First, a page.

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Exxon's Dividend Hinges on Oil Rebound and Management's Tolerance of Higher Leverage

None of the oil majors can cover their capital spending and dividends at today's oil price, even after slashing their investment plans.

Oil needs to be closer to $50 to $60 per barrel for these companies to breakeven on their obligations, according to data from Bloomberg.
Source: Bloomberg, U.S. Energy Information Administration, Simply Safe Dividends

The price of oil has started to rebound off its April lows with lockdowns being lifted and supply falling. But at today's level near $35 per barrel, the oil majors will continue burning through cash.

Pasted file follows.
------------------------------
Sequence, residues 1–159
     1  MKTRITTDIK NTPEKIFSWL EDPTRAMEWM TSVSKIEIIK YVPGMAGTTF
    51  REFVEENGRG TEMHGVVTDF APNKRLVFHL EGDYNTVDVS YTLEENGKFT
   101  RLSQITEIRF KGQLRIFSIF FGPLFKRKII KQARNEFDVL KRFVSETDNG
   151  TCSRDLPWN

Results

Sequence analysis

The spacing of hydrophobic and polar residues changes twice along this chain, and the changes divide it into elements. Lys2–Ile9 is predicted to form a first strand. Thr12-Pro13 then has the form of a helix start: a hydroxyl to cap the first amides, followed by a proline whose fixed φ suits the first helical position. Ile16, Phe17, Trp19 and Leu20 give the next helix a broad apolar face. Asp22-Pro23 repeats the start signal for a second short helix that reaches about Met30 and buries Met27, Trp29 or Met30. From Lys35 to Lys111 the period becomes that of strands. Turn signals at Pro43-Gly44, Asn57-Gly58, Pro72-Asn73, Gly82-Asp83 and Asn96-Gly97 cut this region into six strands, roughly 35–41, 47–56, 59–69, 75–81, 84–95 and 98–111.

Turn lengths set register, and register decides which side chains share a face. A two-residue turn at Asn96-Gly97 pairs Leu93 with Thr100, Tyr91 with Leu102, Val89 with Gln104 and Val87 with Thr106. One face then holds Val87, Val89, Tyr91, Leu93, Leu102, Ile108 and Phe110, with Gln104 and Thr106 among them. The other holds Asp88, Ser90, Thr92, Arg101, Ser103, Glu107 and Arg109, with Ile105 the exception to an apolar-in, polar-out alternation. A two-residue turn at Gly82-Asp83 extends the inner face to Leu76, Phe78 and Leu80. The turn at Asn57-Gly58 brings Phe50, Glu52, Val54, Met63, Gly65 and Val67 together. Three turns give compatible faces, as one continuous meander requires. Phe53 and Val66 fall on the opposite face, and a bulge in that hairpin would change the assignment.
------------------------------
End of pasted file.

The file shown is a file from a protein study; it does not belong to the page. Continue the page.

With an estimated breakeven price of $60 per barrel, Exxon is no exception.

Facing these realities, Shell on April 30 announced its first dividend cut since World War II. Investors are worried other oil majors may soon follow suit.

So is Exxon's dividend safe? That's the question investors had following Exxon's May 1 earnings release and its annual shareholders meeting on May 27.

For now, Exxon still plans to maintain its dividend. Although the firm historically increases its dividend in April, this year Exxon held its payout flat.

The dividend's future trajectory depends on how long the current environment persists, and how far Exxon is willing to stretch its balance sheet in the meantime.

Exxon has paid uninterrupted dividends since 1882 and understands that the dividend is central to its investment case. This has made the company more willing to continue borrowing to preserve its payout.